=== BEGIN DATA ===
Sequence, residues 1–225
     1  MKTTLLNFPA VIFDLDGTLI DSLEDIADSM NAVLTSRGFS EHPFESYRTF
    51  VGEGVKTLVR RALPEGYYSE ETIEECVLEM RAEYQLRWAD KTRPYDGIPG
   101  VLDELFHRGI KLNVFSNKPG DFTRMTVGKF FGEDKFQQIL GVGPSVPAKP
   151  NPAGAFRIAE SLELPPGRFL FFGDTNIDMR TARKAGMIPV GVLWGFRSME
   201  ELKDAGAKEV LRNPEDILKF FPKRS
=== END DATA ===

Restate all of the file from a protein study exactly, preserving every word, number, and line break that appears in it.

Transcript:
Sequence, residues 1–225
     1  MKTTLLNFPA VIFDLDGTLI DSLEDIADSM NAVLTSRGFS EHPFESYRTF
    51  VGEGVKTLVR RALPEGYYSE ETIEECVLEM RAEYQLRWAD KTRPYDGIPG
   101  VLDELFHRGI KLNVFSNKPG DFTRMTVGKF FGEDKFQQIL GVGPSVPAKP
   151  NPAGAFRIAE SLELPPGRFL FFGDTNIDMR TARKAGMIPV GVLWGFRSME
   201  ELKDAGAKEV LRNPEDILKF FPKRS